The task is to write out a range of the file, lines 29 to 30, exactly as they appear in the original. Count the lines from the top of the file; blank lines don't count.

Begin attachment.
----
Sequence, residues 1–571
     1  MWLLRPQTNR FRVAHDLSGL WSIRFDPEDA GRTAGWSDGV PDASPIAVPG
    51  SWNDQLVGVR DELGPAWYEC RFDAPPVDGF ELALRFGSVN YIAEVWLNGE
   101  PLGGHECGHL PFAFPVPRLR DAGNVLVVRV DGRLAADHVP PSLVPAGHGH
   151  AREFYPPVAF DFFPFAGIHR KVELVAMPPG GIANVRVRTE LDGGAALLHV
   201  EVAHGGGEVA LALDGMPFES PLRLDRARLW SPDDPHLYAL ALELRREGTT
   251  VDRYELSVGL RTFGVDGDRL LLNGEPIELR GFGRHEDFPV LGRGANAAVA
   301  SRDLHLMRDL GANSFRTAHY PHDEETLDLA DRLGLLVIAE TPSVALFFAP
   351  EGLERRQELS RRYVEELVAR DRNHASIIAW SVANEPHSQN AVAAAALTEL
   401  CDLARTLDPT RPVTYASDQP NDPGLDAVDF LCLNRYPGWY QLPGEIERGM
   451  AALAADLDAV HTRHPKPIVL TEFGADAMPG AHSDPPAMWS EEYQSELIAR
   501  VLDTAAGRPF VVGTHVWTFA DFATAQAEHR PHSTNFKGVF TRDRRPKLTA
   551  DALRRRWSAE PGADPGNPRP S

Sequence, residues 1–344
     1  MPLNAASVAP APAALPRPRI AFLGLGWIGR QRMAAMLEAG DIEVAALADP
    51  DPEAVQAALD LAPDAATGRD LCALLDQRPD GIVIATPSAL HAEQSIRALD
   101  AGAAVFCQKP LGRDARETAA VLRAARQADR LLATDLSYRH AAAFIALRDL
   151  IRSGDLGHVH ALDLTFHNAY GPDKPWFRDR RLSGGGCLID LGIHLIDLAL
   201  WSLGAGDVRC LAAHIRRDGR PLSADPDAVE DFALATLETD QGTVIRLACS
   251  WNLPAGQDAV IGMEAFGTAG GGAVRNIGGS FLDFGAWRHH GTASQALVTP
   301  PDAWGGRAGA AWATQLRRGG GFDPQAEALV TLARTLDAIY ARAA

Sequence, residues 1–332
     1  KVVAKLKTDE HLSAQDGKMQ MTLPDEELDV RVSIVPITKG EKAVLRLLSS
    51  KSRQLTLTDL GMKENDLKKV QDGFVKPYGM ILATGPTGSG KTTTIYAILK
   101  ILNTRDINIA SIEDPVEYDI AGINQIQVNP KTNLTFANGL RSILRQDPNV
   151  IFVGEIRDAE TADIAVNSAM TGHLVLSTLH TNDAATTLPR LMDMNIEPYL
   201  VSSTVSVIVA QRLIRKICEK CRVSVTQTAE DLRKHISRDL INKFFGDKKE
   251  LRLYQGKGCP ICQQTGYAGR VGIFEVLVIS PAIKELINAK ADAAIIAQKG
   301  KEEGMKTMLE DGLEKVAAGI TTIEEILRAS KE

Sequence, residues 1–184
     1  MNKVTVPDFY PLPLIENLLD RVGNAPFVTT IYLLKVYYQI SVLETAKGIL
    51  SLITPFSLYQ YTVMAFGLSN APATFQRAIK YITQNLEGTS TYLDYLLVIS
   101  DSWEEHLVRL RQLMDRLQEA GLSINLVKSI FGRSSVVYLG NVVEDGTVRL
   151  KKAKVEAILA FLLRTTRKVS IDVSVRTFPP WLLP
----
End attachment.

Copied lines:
   301  KEEGMKTMLE DGLEKVAAGI TTIEEILRAS KE

Sequence, residues 1–184